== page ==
Arts + Scene » Screens

Kill Me Now

'Death Sentence' inspires dread of summer crapmongery




Continuing what Hollywood does frequently if not always effectively, the remake of the 1957 film of the same title 3:10 to Yuma opens Friday, Sept. 7. Based on the short story by Elmore Leonard, now well known for his tongue-in-cheek thrillers, the film tells the story of rancher Dan Evans (Christian Bale replacing Van Heflin) who agrees to transport notorious outlaw Ben Wade (Russell Crowe replacing Glenn Ford) to a town where he can be put on the train to Yuma, with a tense psychological battle ensuing. The original was very good; maybe this will measure up. Peter Fonda and Gretchen Mol co-star. Rated R for violence and some language. 127 m. At the Broadway and Mill Creek.

If this sounds too serious, then try the comic thriller Shoot 'Em Up, starring Clive Owen as Mr. Smith, who tries to protect a mother and baby from a group of hit men led by Paul Giamatti. The trailer promises that the film will deliver on its title. Among the many shootouts, one takes place during sex, another during skydiving. And, there's also a lactating prostitute (Italian actress Monica Bellucci) thrown into the mix. Who can resist this? Rated R for violence, language and some sexual content. 97 m. At the Broadway.

The British farce Death at a Funeral, directed by Frank Oz (Dirty Rotten Scoundrels), concerns the goings-on during the burial of a family patriarch. Can the old British stiff upper lip be maintained in the face of a mourner on psychedelics and another who is holding a blackmailer hostage close to where the body is being displayed? Rated R for language and drug content. 100 m. At the Broadway.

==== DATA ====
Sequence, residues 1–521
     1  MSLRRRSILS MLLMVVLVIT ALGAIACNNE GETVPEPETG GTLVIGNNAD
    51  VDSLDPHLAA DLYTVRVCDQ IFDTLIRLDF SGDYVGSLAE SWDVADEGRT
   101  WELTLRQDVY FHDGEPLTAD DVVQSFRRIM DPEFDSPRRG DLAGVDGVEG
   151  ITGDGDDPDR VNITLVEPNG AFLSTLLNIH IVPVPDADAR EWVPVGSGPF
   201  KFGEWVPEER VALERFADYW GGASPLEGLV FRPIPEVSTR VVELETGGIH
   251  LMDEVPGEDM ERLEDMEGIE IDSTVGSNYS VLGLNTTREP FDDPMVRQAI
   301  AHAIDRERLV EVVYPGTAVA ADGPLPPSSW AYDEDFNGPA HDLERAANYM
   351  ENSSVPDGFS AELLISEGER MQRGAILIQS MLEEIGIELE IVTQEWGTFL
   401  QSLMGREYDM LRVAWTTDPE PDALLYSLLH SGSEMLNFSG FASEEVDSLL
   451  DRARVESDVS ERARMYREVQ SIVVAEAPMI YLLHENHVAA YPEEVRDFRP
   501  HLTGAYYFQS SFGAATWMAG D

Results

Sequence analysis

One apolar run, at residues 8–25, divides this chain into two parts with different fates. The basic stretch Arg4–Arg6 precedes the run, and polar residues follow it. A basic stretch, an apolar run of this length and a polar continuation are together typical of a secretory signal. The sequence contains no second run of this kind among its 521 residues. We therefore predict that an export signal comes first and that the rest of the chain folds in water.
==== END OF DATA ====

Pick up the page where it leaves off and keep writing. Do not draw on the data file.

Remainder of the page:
The 2006 Oscar entry from Switzerland, Vitus, is about a gifted boy pianist whose parents are pushing him into a concert career even though he would rather be doing "normal" boy things. The story is unoriginal, but the film relies on the performances of Fabrizio Borsani as the 6-year-old Vitus and Teo Gheorghiu as Vitus at 12. In Swiss German and English. Rated PG for mild thematic elements and language. 133 m. At the Minor.

The documentary Gypsy Caravan follows Gypsy bands from Romania, Spain, India and Macedonia during their 2001 tour of North America. Directed, written and produced by Jasmine Dellal, the film, shot with multiple cameras, documents the people and the music, which ranges from ragtime to flamenco. In English and a variety of languages. Not rated. 120 m. At the Minor.

Also beginning Friday is the inaugural Wildrivers 101 Film Festival, which continues through September 21. See the Calendar and and separate article for details, or visit their website at, or call 223-8462.


DEATH SENTENCE: I'm not one to be anxious, normally, particularly about rushing the passage of time. But as the summer film season has progressed, I have become inordinately passionate about the arrival of autumn and with it, one hopes, a better selection of films than has recently come my way.

There have been a few notable exceptions: The Bourne Ultimatum was thoroughly entertaining and a satisfying possible ending to the spy thriller trilogy. The film had no pretensions to be anything other than a superior example of its genre. But sitting through a seemingly unending series of brain-dead guy films is wearing on my psyche, and I look back fondly on those summer films where I was one of the few men in the audience. Clearly, films aimed at a female audience have greater variety, better acting and more interesting stories than most action films.